Tea party versus puppies
Friday, October 8th, 2010
For the latest episode in our long-running sitcom Its Always Batty in America, we take you now to the heartland state of Missouri, where tea-party activists have crafted a principled constitutional stance in opposition to healthy puppies.
You think I'm kidding here? Not.
There are times when it's vital that I highlight the stupidity factor in American politics. This is one of those times, because it's so emblematic of what is happening these days in certain precincts of the conservative movement.
I suppose I could simply cite the usual evidence – for instance, the GOP's persistent denial of climate change science, even at a time when conservative European leaders are acknowledging the science and warning (in the words of the new British foreign secretary, a conservative appointee) that "climate change is perhaps the 21st century's biggest foreign policy challenge." But you know that story already. The tea-partiers' stance against puppies is way more fun, if only because it demonstrates that political satirists need not bother to target a movement that's so adept at inadvertently satirizing itself.
A referendum on the Missouri November ballot is aimed at cleaning up the state's squalid puppy mills. Animal advocacy groups have long targeted Missouri's commercial breeders, who are reportedly among the most notorious nationwide – given their well-earned reputation for cramming too many dogs into small unsanitary cages, forcing the breeding females to crank out litter after litter with virtually no respite between pregnancies, and neglecting the basics such as regular food and water. As one Missouri animal advocate also noted the other day, the dogs "become so matted in dirt and feces that they can't move their legs."
Accordingly, the Missouri ballot referendum would "prohibit the cruel and inhumane treatment of dogs in puppy mills by requiring large-scale dog breeding operations to provide each dog under their care with basic food and water, adequate shelter from the elements, necessary veterinary care, adequate space to turn around and stretch his or her limbs, and regular exercise."
Nobody could possibly object to that, right?
Send in the clowns. The Missouri Tea Party, and two other tea-party groups, are furious about this referendum. They've got a big meeting next week to ratchet up their campaign to defeat puppy reform. Ready for their argument?
The pro-puppy measure is really just another example of the "government trying to tell people what to do."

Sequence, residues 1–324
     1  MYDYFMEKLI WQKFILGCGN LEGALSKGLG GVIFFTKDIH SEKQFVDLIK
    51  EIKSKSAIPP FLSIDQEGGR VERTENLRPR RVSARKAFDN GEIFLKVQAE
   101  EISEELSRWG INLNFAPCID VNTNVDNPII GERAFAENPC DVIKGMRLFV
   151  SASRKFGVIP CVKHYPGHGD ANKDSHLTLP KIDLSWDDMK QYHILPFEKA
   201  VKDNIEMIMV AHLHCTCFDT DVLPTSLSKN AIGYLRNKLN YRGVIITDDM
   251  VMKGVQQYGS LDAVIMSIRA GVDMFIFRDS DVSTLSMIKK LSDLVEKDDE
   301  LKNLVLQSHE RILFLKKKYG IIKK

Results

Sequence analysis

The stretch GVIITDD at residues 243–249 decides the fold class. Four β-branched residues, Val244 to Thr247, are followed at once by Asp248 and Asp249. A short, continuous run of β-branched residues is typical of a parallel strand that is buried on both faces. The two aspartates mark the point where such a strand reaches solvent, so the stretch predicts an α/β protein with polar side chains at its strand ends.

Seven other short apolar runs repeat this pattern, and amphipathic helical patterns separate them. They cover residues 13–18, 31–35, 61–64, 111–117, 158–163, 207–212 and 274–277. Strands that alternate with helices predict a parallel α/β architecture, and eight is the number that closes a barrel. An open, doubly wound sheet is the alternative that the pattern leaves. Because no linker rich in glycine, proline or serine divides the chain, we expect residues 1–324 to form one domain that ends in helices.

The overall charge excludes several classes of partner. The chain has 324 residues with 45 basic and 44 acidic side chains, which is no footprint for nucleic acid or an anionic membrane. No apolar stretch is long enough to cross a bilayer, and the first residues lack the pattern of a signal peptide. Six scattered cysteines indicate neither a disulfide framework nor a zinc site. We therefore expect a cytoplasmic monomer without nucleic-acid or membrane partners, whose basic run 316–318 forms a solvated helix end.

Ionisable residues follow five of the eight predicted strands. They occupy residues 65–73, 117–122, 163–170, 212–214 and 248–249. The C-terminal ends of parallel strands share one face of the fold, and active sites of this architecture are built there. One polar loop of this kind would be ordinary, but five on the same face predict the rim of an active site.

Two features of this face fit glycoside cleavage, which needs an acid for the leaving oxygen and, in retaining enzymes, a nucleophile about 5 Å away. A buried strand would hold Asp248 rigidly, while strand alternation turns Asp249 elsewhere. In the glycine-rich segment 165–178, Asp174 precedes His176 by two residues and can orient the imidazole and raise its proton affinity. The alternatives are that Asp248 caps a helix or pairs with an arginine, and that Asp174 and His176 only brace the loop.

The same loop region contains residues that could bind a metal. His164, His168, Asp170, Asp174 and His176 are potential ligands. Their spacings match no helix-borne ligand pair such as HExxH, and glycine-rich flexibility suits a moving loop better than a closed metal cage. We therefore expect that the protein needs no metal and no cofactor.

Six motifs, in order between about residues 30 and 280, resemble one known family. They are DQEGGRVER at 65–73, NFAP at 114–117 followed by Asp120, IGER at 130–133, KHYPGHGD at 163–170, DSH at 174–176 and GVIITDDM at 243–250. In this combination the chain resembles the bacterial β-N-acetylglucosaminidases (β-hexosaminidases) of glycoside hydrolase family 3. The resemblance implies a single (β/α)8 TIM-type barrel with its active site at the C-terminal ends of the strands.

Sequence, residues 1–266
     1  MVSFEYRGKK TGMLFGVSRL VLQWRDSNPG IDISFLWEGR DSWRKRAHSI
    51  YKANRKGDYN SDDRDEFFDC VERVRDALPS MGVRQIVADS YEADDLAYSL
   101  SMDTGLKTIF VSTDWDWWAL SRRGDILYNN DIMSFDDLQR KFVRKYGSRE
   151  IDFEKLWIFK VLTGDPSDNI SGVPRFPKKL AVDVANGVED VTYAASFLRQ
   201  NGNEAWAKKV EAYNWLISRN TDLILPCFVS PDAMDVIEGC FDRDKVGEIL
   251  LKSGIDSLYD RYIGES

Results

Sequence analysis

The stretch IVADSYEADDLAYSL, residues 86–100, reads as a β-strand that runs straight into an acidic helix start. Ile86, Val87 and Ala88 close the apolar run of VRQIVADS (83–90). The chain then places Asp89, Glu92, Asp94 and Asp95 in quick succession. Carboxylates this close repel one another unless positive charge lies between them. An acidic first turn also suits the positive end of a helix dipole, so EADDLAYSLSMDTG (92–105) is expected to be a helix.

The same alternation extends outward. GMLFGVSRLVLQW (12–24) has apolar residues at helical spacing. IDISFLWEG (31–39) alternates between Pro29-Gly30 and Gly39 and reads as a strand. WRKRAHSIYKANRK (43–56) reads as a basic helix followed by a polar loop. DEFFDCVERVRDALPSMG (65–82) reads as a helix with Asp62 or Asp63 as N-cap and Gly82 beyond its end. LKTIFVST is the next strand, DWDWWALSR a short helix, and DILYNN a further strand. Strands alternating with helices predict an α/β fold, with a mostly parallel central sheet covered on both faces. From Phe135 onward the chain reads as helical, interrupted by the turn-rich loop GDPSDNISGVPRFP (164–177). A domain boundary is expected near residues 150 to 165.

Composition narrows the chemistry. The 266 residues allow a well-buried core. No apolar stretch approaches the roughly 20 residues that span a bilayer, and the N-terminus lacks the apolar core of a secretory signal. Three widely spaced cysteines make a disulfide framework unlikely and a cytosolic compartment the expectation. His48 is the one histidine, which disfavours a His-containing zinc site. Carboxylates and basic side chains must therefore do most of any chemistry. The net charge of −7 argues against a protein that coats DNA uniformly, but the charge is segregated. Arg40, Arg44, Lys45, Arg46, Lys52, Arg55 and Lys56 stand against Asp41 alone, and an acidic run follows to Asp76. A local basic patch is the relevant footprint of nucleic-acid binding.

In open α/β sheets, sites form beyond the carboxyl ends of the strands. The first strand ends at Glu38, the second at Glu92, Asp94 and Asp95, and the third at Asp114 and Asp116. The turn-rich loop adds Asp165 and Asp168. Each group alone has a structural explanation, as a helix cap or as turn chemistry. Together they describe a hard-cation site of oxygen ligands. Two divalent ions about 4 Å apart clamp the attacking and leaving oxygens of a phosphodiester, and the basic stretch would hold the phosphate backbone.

And who better to make the tea-party argument than Joe Wurzelbacher – better known, in 2008, as Joe the Plumber. Having long exhausted his 15 minutes of fame, John McCain's designated Everyman has loaned his wisdom to the cause. In his words, the pro-puppy referendum is apparently a symptom of the socialist conspiracy that is "taking our constitutional rights away – one state at a time."
That's downright cerebral when compared to a statement such as "I'm not a witch." But still. Joe subscribes to what I like to call The Next Thing You Know school of argument – to wit: If a government is allowed to protect puppies, The Next Thing You Know it might be capable of all kinds of tyranny. Joe, writing online the other day, put it this way: "Think about this for a minute…Should the government have the right to limit the number of houses a realtor can sell? Or the number of cattle a rancher can raise?"
I read some of the small Missouri newspapers, figuring that some average citizen might be smarter than Joe the Plumber. It was an easy job. Say hello to one Ellen Cox:
"I was shocked when I went to the Greentree Festival and found (anti-referendum) literature being given out at the Republican booth. I talked to (a Republican lawmaker there) and he said many people feel the current laws are enough and this is just more big-government interference. We have 10 times the number of puppy mills in Missouri as the next worst state, Arkansas. It's embarrassing to see Missouri held up as worst in the country when it comes to treatment of our best friends.
"I lean right in my politics. I don't see this as a right or left political issue. I see this as about acting humane. This is about the torture of God's creatures."
Maybe it's also worth detailing the tea-partiers' belief that the puppy referendum plot goes all the way to Barack Obama (naturally!), because one top Obama appointee (Cass Sunstein) has in past writings condemned cruelty to animals…nah, forget it.
Forty six years ago, the famed political scholar Richard Hofstadter wrote about what he called 'the paranoid style in American politics," a cyclical affliction characterized by "heated exaggeration, suspiciousness, and conspiratorial fantasy." He might just as easily have listed stupidity. How else to explain a mode of thought that now stands in opposition to healthy puppies?
But surely the tea partiers will point out that the word puppies never appears anywhere in the U.S. Constitution, and therefore that the Founding Fathers surely never intended any government protection…Well, I guess they got me on that one.